This is the Motoramic Dash, a daily roundup of the most interesting news in the automotive world
I can't talk about driving the 2013 Cadillac ATS for a few more days, but I can say that Cadillac's idea of taking the ATS around some of the world's most challenging roads -- from Monaco to a cliffside tunnel in China built by hand -- gives an accurate reflection of Cadillac's global ambitions for the car.
Part of a series of internet videos and TV ads that will herald the ATS -- which will put Cadillac head-to-head against the BMW 3-Series -- the films feature driving stints in Patagonia, Morocco, Monaco and the aforementioned Guoliang Tunnel, where cameras had to be mounted on remote drone helicopters to capture the footage. Cadillac even chose the driver carefully: Derek Hill, son of Phil Hill, the only American to win a Formula 1 championship. The first ads will appear during the opening ceremonies of the Olympics, but I'll have our review next Monday.
Other stories around the automotive world this morning:
Nürburgring files for bankruptcy: The ATS was developed in part by taking laps at Germany's Nürburgring course, and one Cadillac exec gave me this explanation for why so many of the world's automakers test their new vehicles there: "You could recreate the Nürburgring by going to a track here and a track there, or you can just do it all in one shot." The course's operator was declared bankrupt today by German officials after a years-long struggle to develop a theme park and other attractions only created some 300 million euros in debt. The roller coaster may get taken down, but the road course itself is simply too valuable to disappear. (GP Update)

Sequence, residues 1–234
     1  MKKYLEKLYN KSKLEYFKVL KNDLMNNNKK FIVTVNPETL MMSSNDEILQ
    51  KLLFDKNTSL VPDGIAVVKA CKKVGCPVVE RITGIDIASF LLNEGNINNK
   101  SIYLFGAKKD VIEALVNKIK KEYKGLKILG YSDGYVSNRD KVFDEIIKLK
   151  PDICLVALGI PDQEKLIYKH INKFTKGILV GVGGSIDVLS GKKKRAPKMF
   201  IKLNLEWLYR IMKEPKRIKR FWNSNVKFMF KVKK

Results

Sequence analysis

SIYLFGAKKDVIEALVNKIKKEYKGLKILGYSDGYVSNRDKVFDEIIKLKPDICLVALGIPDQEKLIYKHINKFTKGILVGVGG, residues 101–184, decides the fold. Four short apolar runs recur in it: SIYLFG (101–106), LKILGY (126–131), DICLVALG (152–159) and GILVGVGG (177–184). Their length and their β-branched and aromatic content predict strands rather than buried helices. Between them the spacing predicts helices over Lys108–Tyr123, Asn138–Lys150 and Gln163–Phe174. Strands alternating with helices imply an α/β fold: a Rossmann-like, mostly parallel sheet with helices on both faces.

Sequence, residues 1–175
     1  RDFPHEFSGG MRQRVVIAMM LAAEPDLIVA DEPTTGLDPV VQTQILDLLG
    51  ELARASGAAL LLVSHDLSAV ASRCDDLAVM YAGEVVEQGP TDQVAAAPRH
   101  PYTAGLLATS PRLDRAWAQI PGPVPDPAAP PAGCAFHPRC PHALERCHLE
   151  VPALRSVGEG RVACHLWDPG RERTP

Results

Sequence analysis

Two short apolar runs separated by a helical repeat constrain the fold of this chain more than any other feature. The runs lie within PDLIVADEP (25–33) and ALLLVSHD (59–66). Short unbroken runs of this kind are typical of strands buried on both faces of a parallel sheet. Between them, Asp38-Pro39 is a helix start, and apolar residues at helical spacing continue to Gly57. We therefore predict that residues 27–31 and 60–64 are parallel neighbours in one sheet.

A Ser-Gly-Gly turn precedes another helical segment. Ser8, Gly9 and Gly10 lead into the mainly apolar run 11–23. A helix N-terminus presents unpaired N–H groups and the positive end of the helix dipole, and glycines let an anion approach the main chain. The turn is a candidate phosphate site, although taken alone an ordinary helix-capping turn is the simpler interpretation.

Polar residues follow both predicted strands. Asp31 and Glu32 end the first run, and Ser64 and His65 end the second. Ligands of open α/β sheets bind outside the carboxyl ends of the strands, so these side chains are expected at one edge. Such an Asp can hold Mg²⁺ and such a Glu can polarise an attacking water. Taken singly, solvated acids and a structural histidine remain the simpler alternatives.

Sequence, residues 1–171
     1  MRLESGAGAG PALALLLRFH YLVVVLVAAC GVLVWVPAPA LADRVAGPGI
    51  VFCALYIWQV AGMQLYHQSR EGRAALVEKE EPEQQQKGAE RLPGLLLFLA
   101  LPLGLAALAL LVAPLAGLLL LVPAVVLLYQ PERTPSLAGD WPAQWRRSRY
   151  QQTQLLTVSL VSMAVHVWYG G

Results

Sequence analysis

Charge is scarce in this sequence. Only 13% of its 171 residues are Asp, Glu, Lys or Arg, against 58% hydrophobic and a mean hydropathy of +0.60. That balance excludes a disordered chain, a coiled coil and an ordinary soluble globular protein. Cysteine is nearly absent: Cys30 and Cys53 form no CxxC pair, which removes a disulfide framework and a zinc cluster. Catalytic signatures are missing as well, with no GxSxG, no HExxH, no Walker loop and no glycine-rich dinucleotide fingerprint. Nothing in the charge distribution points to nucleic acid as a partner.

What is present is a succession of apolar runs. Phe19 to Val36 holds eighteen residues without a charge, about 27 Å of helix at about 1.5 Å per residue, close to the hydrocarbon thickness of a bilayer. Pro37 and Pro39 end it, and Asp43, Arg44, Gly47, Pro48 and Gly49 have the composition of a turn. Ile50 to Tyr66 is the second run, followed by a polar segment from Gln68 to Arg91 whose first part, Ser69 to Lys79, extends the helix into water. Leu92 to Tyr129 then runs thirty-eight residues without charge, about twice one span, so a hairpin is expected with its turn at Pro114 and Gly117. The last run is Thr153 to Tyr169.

Romney ad hits Obama over loans to Fisker: Mitt Romney has been consistent in his criticism of the Obama administration for loaning Fisker and Tesla hundreds of millions of dollars -- loans dwarfed by the money from the same program lent to Ford and Nissan. (Detroit News)
Ford pushes for pay cuts in Canada: When I lived in Detroit, the best deal at any local watering hole was "par at the bar" -- taking Canadian currency at the same price as U.S. dollars. Today, the drinks would cost slightly more in loonies, and automakers like Ford that built plants in Canada for lower costs now pay more than they do anywhere else around the world. (Bloomberg)
Cardboard and hydrogen car snags design awards: If Ikea ever does get into the automotive business, it's vehicle will look something like this. (Autopia)